Wedding Guest ListIt is only natural that many couples wish to share their joy with as many people as possible on their wedding day. The reality is, this can become a very expensive proposition. Guest lists have a way of running away from people, and the problem extends beyond the expense. Before they know it, a couple may have inflated their intimate event to a cast of hundreds, with every fourth cousin and former co-worker set to witness their union and enjoy a sit-down dinner. Somehow the invitation has become a symbol of recognition rather than an invitation to share an important personal event. Blame it on a runaway wedding industry that promotes a betrothal as the party of a lifetime or on a digital society in which even distant associates are referred to as friends. Regardless, a couple can choose to opt out of the cast-of-thousands extravaganza and trim the list to include the people who mean the most to them. The following are a few tips to help whittle it down.

Invite People You Know

This one sounds obvious, right? Believe it or not, it is possible to meet people for the very first time at one's own wedding. Often this situation is the result of sending out invites to a large extended family, many of whom may not keep in touch except for big events such as these. Or someone's parents may feel the need to invite long-time business associates who have no regular connection to the individuals getting married. Once a couple has made the decision to ask only those people they actually know, it becomes easier to lop these invitees off the list. An alternative idea is to throw a simpler, additional party that includes co-workers and others.

Invite People You Actually Talk To

Again, this one seems like a no-brainer at first, but in practice it can prove tricky. Some event planners suggest limiting the list to people one has seen in person or spoken to at length in the last year or so.

It Is Not a High School Reunion

If a best friend from senior year still makes it for coffee once a week, then that person is someone who remains a part of one's life and by all means should get an invitation to the wedding. Other relationships from the past may not have shown that kind of staying power. While the guest list may reflect where one comes from as well as where one is in life now, there is no need to invite people from the past if they are not likely to be a part of the future. Ask the following questions:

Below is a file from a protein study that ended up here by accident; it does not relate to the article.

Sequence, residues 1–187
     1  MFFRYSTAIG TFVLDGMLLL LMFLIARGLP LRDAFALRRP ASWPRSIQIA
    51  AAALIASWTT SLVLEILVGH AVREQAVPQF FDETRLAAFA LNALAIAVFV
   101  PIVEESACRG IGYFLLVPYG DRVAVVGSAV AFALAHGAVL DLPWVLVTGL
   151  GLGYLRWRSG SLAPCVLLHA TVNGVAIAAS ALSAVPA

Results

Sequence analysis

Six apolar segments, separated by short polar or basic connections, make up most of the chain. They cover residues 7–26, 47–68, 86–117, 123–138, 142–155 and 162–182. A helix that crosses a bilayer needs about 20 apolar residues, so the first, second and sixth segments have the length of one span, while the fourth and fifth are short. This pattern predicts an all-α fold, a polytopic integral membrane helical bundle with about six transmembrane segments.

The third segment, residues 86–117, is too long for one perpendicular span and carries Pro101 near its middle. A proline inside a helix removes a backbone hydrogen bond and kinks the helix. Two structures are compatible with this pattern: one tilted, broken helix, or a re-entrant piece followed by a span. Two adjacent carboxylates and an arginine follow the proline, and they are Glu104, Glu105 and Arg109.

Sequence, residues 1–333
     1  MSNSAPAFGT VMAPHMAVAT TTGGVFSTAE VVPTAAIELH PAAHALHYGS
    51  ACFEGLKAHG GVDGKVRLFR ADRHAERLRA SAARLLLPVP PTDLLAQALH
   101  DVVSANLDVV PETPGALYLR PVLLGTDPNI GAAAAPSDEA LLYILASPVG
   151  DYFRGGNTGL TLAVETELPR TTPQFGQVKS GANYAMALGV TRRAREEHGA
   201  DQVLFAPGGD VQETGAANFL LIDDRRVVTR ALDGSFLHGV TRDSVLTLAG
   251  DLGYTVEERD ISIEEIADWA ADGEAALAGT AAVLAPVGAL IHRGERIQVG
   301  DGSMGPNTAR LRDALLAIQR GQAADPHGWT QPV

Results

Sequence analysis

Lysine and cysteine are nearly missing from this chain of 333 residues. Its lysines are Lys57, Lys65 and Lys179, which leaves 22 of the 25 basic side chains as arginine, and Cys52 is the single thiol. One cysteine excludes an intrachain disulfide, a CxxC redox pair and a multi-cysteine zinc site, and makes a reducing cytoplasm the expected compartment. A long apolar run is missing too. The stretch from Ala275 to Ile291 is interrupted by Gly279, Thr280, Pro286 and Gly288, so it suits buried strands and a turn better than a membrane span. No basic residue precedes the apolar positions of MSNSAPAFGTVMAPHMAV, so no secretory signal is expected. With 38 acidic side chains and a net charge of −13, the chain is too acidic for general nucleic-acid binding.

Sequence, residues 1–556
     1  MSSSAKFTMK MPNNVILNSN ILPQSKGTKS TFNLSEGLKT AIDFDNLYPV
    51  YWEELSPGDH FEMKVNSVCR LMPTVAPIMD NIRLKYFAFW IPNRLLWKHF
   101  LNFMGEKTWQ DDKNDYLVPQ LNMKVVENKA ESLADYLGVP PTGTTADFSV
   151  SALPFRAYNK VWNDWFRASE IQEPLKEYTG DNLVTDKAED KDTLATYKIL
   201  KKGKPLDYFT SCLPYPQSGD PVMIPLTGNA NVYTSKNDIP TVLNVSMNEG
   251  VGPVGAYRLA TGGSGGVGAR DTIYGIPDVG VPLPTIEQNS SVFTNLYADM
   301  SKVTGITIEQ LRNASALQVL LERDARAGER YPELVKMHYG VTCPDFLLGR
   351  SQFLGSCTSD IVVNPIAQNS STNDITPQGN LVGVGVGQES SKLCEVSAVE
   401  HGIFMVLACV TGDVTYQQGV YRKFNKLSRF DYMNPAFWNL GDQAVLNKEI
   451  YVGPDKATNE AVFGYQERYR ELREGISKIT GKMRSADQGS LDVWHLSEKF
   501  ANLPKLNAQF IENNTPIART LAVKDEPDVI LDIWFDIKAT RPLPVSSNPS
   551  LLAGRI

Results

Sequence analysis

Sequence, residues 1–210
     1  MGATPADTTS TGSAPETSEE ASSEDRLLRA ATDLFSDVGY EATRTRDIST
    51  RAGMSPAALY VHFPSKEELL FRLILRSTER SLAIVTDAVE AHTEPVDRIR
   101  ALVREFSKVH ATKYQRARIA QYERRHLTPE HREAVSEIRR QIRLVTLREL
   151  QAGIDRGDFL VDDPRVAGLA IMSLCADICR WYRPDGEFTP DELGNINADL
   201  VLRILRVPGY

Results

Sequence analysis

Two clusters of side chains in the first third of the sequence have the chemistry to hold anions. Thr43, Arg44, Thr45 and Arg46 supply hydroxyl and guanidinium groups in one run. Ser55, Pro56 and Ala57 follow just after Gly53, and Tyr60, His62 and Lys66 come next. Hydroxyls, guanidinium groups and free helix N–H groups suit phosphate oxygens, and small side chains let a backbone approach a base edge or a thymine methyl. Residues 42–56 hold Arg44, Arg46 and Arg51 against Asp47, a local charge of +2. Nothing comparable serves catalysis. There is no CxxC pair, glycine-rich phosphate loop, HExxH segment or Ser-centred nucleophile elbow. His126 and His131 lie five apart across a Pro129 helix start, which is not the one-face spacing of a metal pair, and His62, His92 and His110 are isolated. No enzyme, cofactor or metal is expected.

• Do you keep in touch?
  • Do you still share common interests?
  • If you moved, would you let them know?

Invite People You Like, With Exceptions

Of course, the ideal is to be surrounded by friends, family and loved ones on the big day. Couples should feel emotionally supported by and comfortable with the people at their celebration. That said, it is still prudent to invite the crusty uncle or aunt along with the rest of the clan. A good rule of thumb is, if they show up at other family events on a regular basis, they should get an invitation.

Remember It's a Wedding, not a Coronation

For most people in the United States, a wedding is not a community-wide event. It is easy to fall into the mindset that a ceremony is an opportunity to acknowledge everyone in one's life, past and present. Overextending the guest list, however, can lead to unnecessary stress and expense. There may be certain obligations a couple feels they need to meet, but when they look out into the gathering, the majority of faces should be friendly and familiar.

Category: Wedding Planning

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